Sunday, September 11, 2016

Integrity (Micro fiction 2)

 Anureet caught herself listening to her guest’s monologue a bit dispassionately, “Mrs Gill, what did you do to get your son into a university like Princeton? It has been my daughter’s dream for the longest time. I know I would be imposing on your time but if you could help with the essays and the LORs, you will know just the right words, your vocabulary is so good.”

An inexplicable silence mushroomed in the predominantly white living room. The guest waited for a response, just like a devotee expecting a revelation. Anureet drew circles in the thick Persian rug with her pepper pearl toe nail. Seconds dragged and the anxious mother resumed, “Her school has agreed to co-operate fully. They told us to draft the letters of recommendation and the teachers will sign them. My daughter’s extracurricular accomplishments are virtually non-existent; she has been a bit of a nerd. How do you suggest we make up for it? I can get some certificates issued, what do you think?”

Straightening up with a deep breath, Anureet began in a deliberate tone, “Most of my family was against sending Rohan for under graduation abroad. In retrospect now, they may have been right. An emotional distancing happens, kind of willy-nilly; you miss out on major chunks of each other’s lives.” It was clear that the fired up parent would not be dissuaded off her track, “But what about the financial aid application Mrs Gill? Did you submit accurate and authentic papers?! I am paying some fifty thousand rupees to have professional admissions counsellor dress up her application, the acceptance rate is so scary.”

“You know, we send our children so far away from home, all by themselves in an unfamiliar culture, there are challenges we should think of and prepare them for,” Anureet made another attempt. “But Mrs Gill, what is there in our country worth staying on for, there is so much favouritism, corruption and unprofessionalism, at least out there, it is her merit that will get her places.”

“Take some time, give it more thought,” Anureet’s note of caution
was promptly dismissed with, “Is there any way we can correspond with Rohan? Get a first-hand sense, you know. My husband will have some questions, the entire family, extended included is involved in this admissions project.”
Anureet had to smile. It took her back to her days of sweating over FedEx packets and the cumbersome labels. The whiteboard over Rohan’s study table used to be plastered with document lists and deadlines. Graded analytical essay, senior secondary forms, teacher evaluations, transcripts, art portfolio, TOEFL and SAT exams, it was all a breathless whirl, followed by that interminable wait to hear back.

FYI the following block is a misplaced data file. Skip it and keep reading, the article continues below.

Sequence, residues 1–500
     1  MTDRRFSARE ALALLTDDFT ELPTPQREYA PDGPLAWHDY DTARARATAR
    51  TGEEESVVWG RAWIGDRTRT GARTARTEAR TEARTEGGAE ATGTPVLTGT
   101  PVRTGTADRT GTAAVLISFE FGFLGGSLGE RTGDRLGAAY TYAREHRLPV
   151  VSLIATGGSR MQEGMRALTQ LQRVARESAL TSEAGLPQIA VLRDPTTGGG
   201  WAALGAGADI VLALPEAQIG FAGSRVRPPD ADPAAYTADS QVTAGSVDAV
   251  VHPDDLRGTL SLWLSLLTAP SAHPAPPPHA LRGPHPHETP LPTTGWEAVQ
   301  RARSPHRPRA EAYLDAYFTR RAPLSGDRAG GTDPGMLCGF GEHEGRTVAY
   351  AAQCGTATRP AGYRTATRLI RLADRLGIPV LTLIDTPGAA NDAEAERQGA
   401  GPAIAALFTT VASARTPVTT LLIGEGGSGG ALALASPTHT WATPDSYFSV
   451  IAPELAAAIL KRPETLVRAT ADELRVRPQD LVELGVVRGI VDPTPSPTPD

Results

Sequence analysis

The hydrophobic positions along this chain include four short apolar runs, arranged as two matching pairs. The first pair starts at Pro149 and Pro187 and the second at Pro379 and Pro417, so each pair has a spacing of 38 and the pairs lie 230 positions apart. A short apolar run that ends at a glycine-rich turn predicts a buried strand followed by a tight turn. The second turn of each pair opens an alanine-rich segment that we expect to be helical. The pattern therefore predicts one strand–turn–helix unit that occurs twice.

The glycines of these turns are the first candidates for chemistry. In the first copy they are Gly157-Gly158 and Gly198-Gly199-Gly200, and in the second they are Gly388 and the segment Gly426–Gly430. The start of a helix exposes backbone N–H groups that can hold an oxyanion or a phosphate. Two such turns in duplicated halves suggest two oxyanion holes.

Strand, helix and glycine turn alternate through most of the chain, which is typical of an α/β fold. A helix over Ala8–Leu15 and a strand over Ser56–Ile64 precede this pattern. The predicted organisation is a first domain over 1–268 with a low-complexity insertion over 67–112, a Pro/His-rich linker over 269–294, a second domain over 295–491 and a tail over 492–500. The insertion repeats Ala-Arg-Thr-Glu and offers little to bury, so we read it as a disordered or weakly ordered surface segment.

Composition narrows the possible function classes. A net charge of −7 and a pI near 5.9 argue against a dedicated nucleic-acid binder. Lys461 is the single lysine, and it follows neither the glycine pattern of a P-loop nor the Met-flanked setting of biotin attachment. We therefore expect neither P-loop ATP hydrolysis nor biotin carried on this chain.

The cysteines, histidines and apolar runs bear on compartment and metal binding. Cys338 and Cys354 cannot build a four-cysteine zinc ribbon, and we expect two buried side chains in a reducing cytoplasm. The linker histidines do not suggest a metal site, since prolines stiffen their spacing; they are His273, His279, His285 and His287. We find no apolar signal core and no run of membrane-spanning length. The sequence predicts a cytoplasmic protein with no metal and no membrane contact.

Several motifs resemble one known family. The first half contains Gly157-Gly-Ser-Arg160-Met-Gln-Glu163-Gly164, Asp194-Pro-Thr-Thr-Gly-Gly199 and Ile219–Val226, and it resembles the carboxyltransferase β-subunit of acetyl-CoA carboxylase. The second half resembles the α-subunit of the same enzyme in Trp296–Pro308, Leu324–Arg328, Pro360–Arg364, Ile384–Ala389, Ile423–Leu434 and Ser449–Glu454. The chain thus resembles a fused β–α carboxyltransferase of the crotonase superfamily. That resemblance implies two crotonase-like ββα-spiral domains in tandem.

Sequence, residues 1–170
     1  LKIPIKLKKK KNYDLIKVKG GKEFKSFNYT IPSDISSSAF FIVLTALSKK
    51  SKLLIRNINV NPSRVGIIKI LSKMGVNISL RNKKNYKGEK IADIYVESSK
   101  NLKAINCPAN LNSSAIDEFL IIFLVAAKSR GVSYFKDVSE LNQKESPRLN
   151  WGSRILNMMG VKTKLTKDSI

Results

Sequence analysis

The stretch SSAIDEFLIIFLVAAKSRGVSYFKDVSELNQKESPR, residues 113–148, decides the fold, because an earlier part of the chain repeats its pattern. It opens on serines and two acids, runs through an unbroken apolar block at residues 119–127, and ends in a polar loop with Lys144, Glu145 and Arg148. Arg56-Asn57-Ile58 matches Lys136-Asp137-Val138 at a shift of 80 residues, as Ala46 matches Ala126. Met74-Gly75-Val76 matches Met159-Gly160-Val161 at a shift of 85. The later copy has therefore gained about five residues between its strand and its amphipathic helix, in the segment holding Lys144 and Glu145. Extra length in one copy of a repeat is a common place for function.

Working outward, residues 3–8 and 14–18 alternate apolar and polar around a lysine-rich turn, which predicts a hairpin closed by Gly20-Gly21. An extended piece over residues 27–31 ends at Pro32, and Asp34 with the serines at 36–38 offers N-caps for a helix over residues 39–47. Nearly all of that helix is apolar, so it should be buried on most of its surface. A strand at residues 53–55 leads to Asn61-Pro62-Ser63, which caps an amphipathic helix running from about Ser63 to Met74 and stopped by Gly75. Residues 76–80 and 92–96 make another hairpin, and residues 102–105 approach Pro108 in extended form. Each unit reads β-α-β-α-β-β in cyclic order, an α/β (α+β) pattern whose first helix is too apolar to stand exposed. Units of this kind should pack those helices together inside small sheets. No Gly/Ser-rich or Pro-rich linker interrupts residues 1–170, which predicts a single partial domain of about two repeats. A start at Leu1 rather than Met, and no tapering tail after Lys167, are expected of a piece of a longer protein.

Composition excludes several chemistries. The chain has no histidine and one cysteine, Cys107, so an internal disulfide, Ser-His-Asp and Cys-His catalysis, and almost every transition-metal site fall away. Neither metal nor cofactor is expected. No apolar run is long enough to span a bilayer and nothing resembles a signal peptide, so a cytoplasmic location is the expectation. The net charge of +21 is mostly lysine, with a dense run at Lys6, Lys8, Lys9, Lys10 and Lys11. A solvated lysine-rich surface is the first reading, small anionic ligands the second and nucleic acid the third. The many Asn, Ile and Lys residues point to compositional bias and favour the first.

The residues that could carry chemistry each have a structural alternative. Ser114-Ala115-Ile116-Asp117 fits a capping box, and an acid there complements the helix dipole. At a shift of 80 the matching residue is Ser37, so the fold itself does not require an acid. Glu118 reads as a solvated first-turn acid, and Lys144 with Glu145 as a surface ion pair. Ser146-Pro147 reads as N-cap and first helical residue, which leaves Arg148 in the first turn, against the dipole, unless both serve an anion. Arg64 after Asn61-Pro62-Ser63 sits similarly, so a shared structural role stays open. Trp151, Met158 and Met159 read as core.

“How does Rohan like it there? He must be really making the most of an Ivy League education. Lucky you to be such a proud parent,” Anureet’s visitor began gathering her folders to back out of the room towards the front gate. The hostess followed, coughing and clearing her throat to get out some more advice but in vain, the caller’s rosy spectacles were firmly in place. In the still dread that ensued, Anureet pulled out the orange and black envelope from under the mantel for the sixth time. It was from the Academic Integrity Office of the university, informing that Rohan had been found guilty of plagiarism. He was being suspended from Princeton for one year, with censure having been added to his punishment for being dishonest with them. There would be a note on his transcript saying as much.

“Mum, Mum…hello, are you there?” Anureet jumped at the sound of his disembodied voice emanating from her face down Galaxy Tab. She fumbled the gadget open, heart heavy with grief. There he was, the pride of their family, reduced to tears. “I am sorry Mum, I know what all has gone into my coming here. We have this Honor Code we sign during our orientation. I believe I have indulged in “unpermitted collaboration”. I have breached the culture of academic integrity here.”
“But how, what happened,” his mother spluttered, “You are telling us now!”

Rohan’s voice dipped and climbed, “Mum, a friend told on me. We are morally obliged to report perceived unfairness. The exams here are not proctored.  I told them that in India, students score more for reproducing verbatim from notes and books rather than paraphrasing. But they say ignorance is no excuse! What would you call my superhuman admissions effort if not collaborative Mum? I am sorry but I am coming home for the remainder of this term and the next year!”

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